20+ Vital Work-Life Balance Statistics [2022]: The Difficult Importance Of Maintaining It

By Abby McCain
Sep. 25, 2022
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Research Summary. With the advent of mobile devices has come the ability to be constantly connected, even when it comes to work. Because of this, separating and balancing professional and personal life has become more difficult and more important than ever. Here are some valuable work-life balance statistics:

  • 60% of employees believe they have a good work-life balance.

  • 77% of employees have experienced burnout at least once in their current jobs.

  • 72% of workers believe work-life balance is a very important factor when choosing a job, and 57% of job-seekers say a poor work-life balance is a dealbreaker when they’re considering a new job.

  • 43% more remote employees work over 40 hours a week than onsite employees do.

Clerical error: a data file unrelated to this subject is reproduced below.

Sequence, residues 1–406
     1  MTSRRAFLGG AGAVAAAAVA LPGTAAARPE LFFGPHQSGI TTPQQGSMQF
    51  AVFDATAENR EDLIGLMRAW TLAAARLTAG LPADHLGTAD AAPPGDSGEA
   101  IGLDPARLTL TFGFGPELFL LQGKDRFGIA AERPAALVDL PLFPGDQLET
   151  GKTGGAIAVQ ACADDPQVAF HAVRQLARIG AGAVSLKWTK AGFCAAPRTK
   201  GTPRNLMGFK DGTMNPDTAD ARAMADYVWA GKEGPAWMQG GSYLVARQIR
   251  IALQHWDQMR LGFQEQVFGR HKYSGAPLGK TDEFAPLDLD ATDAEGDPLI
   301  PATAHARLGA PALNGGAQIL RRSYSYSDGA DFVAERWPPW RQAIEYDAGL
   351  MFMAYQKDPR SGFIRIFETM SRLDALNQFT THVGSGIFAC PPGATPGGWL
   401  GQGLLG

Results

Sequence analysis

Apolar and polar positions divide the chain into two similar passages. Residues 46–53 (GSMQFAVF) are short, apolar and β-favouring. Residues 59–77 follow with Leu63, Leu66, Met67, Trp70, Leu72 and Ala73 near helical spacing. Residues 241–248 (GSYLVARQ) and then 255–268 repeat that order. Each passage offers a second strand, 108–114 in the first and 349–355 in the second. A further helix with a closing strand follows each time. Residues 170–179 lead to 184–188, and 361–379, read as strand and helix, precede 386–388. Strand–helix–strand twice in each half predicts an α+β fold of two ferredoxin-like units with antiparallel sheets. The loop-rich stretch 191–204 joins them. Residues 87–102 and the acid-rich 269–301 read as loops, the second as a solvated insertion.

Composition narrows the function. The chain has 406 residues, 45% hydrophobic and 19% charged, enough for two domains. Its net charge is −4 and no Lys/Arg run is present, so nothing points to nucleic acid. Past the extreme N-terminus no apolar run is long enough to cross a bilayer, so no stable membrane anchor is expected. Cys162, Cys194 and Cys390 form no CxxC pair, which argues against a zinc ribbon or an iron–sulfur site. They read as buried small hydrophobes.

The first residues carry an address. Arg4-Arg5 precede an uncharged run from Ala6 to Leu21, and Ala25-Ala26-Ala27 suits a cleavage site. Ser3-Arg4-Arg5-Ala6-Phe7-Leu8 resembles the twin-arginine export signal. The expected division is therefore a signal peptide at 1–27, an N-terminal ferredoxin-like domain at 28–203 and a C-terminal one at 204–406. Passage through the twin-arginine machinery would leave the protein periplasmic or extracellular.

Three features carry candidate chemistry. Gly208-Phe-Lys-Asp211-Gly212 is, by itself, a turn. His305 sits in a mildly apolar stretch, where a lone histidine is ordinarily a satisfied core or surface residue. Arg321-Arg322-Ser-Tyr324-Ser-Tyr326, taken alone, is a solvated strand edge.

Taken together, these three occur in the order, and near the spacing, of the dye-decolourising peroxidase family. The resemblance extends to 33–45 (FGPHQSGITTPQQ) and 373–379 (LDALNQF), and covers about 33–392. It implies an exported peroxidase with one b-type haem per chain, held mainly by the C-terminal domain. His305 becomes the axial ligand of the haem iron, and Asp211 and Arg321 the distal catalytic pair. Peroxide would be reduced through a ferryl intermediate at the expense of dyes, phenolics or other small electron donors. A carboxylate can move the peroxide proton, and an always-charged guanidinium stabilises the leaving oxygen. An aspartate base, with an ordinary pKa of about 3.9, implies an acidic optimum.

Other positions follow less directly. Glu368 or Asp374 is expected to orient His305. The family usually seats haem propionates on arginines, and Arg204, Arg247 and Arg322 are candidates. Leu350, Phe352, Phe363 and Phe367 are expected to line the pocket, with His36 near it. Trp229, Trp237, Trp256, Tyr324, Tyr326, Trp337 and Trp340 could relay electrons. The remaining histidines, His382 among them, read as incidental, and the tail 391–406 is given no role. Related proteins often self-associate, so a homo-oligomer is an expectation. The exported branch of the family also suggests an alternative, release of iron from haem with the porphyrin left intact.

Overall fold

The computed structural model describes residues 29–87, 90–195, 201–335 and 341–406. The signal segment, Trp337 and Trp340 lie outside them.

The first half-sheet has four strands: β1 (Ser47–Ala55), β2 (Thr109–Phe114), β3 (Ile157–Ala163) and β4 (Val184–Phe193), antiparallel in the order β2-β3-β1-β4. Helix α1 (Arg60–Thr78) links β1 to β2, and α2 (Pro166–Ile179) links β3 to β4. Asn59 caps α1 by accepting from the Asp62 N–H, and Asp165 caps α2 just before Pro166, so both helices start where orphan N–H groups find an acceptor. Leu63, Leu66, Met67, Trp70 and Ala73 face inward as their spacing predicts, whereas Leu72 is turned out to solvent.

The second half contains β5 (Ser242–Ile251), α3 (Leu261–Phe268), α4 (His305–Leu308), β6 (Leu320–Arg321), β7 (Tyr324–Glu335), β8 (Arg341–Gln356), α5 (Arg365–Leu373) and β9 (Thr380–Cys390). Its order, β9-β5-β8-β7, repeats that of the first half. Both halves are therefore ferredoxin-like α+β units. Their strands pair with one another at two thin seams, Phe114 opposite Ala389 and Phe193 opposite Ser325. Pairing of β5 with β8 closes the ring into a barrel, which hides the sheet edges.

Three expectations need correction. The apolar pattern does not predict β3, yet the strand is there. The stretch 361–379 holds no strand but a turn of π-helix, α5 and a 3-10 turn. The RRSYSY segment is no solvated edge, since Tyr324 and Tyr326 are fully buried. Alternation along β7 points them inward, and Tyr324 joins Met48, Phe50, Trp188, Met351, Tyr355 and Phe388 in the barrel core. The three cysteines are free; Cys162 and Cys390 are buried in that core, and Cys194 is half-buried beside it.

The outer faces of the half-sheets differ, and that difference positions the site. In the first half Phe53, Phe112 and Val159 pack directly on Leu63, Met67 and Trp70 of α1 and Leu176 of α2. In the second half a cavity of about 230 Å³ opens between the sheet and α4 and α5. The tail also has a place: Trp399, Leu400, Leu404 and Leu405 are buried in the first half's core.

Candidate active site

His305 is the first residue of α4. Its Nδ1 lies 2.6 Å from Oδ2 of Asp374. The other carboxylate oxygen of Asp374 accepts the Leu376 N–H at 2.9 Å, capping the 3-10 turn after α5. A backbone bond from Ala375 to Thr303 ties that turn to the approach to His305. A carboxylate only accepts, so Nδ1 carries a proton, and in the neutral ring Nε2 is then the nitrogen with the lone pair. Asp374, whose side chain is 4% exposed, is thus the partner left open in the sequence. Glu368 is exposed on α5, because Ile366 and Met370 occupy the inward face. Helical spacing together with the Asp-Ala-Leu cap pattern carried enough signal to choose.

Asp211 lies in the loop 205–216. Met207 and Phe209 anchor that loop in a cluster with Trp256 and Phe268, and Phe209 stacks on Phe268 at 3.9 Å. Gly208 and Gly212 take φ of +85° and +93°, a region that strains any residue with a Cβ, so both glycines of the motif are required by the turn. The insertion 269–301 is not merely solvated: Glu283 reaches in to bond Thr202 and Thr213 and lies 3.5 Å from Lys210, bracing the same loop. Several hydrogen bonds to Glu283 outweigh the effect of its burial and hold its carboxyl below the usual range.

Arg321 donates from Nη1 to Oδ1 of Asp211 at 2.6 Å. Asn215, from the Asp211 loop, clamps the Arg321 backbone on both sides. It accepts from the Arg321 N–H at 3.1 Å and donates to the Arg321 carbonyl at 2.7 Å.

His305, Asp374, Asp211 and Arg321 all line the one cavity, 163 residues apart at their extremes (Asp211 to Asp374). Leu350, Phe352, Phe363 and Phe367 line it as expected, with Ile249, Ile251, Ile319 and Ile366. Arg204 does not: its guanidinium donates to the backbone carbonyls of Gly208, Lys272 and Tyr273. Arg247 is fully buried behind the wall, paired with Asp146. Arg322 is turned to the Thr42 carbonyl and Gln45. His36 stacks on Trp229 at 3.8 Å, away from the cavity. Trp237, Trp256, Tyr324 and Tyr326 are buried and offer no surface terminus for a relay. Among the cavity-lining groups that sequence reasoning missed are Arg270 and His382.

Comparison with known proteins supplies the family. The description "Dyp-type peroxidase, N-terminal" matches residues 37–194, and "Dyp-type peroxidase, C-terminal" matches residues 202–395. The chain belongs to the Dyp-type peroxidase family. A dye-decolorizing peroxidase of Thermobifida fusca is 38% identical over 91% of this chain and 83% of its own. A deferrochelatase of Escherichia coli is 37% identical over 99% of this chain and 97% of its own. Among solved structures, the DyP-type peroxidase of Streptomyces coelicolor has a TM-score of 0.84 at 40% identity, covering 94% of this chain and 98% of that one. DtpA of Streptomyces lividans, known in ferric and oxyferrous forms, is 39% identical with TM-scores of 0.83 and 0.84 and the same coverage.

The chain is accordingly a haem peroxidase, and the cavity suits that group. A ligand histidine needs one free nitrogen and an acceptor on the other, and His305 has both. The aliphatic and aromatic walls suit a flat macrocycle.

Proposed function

• While personal perfectionism is the biggest barrier to good work-life balance, 67.2% of workers report that some aspect of their work, colleagues, or corporate culture is the biggest culprit behind poor work-life balance.

For further analysis, we broke down the data in the following ways:
Employee Opinions | Benefits of Strong Work-life Balance | Challenges to Work-life Balance | Remote vs. In-office Effects on Work-life Balance Statistics
the biggest barriers to work-life balance

Work-Life Balance Statistics by Employee Reporting

  • 60% of employees say they’re able to effectively balance their work and personal commitments.

    This percentage is from a 2021 survey, and in 2020, 65% said the same thing.

    These statistics are coupled with 29% of respondents saying they often dread going to work in 2021 and 23% saying the same in 2020.

  • u.s. employee attitudes about work 2020-2021

  • 77% of surveyed employees say they’ve experienced burnout at their current job.

    51% have experienced burnout more than once.

    In addition, the burnout rate is higher (84%) with workers who say they aren’t passionate about their job.

  • 83% of workers say their personal relationships are negatively impacted by burnout from work.